This is believed to be an image of one of the two women who was hospitalized after the attack. Authorities claim the two women are still in the hospital recovering from, quote, "minor injuries" -- denying rumors that some of the women died.

Police arrested all nine people involved in the attack. Several of them had criminal histories. Victims of criminal activity in Tangshan seized the moment to flood the local police station.

This man says he's 86 years old and has been waiting in line for hours. And this man says it's been seven years since he reported his case but still no progress. They hope the national attention will pressure police to solve their long-ignored cases.


UNIDENTIFIED MALE: (Speaking foreign language).

WANG (voice-over): Online, people rush to do the same, holding up their I.D. cards to prove the authenticity of their claims and call out their perpetrators' names.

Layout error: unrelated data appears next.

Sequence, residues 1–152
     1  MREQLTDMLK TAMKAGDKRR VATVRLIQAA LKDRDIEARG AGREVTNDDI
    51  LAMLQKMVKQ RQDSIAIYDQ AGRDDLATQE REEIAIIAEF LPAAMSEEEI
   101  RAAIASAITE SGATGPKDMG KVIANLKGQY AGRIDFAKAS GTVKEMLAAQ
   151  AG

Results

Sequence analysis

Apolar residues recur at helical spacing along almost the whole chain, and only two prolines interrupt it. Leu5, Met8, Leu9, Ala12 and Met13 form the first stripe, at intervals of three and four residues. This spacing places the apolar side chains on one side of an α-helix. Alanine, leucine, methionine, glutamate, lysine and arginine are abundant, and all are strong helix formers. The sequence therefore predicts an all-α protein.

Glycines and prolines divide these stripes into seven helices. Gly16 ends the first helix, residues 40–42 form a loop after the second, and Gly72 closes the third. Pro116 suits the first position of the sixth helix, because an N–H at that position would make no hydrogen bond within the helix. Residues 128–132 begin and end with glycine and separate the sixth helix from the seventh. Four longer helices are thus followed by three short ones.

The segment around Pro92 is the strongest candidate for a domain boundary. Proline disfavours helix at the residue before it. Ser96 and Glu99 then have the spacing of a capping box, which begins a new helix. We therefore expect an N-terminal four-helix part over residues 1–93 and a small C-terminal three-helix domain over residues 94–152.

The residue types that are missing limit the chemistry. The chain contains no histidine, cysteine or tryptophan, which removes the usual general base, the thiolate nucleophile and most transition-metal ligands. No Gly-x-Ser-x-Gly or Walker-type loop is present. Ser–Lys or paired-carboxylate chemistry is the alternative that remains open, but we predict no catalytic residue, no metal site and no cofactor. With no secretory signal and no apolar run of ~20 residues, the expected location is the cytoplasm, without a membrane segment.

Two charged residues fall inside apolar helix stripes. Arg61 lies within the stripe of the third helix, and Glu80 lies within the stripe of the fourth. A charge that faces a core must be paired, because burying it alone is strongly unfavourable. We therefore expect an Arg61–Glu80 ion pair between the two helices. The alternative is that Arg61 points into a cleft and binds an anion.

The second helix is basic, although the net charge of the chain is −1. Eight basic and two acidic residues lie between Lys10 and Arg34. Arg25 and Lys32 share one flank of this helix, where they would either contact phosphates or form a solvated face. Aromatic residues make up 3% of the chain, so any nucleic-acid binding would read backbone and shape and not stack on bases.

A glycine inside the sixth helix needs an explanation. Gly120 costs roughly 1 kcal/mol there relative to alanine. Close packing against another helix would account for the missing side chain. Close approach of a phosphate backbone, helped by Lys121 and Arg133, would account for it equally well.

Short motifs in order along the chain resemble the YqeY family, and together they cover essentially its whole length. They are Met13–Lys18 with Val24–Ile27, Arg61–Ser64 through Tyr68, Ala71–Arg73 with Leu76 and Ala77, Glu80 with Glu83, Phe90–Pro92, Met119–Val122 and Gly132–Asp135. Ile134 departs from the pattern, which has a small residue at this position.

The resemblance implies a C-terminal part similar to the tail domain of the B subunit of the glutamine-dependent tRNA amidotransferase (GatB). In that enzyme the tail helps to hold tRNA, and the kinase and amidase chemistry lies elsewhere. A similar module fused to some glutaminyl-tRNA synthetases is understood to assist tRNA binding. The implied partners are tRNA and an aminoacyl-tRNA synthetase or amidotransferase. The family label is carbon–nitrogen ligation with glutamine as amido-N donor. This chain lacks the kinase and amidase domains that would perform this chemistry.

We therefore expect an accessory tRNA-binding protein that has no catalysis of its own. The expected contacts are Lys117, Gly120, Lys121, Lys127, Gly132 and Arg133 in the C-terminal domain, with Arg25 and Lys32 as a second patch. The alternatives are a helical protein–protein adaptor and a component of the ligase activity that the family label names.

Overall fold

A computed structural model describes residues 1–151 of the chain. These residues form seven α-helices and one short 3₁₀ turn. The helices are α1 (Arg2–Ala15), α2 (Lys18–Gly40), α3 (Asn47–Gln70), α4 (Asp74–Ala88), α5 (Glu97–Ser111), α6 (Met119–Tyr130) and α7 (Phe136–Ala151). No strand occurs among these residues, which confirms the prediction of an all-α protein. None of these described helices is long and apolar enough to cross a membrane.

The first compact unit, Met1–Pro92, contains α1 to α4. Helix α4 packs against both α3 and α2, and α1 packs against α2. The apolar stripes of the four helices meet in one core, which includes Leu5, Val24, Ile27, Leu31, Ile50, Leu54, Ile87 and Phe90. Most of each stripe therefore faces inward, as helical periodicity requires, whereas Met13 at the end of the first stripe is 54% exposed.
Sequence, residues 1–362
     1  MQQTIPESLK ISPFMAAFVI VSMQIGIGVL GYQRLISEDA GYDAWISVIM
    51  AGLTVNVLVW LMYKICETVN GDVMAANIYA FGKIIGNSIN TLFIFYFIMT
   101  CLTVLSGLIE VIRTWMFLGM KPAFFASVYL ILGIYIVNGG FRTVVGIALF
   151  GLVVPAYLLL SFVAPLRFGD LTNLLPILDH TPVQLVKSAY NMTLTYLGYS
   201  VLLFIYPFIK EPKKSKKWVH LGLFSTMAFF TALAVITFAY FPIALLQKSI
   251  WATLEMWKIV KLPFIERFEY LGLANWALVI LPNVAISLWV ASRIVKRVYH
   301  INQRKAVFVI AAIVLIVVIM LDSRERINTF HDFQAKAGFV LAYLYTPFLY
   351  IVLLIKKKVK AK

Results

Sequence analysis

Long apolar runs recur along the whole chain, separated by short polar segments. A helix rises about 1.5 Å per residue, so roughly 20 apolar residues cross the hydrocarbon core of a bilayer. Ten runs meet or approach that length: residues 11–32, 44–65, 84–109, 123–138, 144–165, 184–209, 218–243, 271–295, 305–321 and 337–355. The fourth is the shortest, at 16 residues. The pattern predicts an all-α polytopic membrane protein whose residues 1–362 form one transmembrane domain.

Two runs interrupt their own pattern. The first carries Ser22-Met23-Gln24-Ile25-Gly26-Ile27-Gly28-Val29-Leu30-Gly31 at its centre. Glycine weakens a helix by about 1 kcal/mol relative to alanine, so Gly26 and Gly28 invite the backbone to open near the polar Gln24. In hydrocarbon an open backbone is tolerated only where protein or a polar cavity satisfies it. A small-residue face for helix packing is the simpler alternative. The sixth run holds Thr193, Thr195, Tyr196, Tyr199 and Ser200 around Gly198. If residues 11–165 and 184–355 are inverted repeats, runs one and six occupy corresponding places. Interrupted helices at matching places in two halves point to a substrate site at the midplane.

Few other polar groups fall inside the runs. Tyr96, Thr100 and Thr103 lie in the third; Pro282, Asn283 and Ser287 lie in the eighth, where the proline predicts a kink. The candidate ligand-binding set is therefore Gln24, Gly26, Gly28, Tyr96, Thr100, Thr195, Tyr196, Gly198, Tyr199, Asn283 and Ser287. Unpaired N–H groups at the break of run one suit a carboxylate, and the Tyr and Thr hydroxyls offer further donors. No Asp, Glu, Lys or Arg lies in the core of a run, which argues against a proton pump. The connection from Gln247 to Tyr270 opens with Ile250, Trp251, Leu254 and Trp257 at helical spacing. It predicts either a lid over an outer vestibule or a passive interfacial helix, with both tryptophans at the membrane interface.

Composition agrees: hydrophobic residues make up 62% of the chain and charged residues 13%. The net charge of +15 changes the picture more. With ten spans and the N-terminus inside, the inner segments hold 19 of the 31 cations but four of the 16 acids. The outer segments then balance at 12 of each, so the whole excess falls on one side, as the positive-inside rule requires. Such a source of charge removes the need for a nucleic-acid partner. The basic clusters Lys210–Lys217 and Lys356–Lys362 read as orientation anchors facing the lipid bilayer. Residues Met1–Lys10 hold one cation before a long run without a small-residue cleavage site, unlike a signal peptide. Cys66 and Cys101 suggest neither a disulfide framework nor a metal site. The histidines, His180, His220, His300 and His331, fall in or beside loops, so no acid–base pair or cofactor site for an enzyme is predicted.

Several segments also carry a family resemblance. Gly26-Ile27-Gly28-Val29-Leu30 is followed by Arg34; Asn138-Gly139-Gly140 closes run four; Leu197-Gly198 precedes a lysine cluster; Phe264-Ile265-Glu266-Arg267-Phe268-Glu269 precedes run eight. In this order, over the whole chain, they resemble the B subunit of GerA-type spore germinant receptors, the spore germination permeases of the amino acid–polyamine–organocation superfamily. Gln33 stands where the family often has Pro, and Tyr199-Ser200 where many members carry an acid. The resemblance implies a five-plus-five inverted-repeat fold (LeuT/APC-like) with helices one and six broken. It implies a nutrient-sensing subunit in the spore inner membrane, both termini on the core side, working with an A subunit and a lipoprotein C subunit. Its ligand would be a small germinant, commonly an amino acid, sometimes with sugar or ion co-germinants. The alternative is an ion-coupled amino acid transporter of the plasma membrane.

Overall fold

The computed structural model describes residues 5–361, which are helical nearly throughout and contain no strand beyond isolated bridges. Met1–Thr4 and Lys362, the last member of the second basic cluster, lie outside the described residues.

UNIDENTIFIED MALE: (Speaking foreign language).

WANG (voice-over): This man says "Friends on the internet, please uphold justice for me."

Another woman shared footage of her boyfriend violently attacking her when she was seven months pregnant, pinning her down in an attempt, she says, to kill her baby.

Another says gang members broke into his bakery a year ago. He shows surveillance footage of them destroying his shop. He says the criminals have been harassing him and his family ever since.

This woman, a bar singer, says in May, gang members beat her and her colleagues and locked them in a cage for 16 hours.

Police say they are investigating all three of those cases.

State media says gangsters and drunken men are to blame for the restaurant attack, while reports linking the case to sexism or systemic violence against women have been swiftly censored.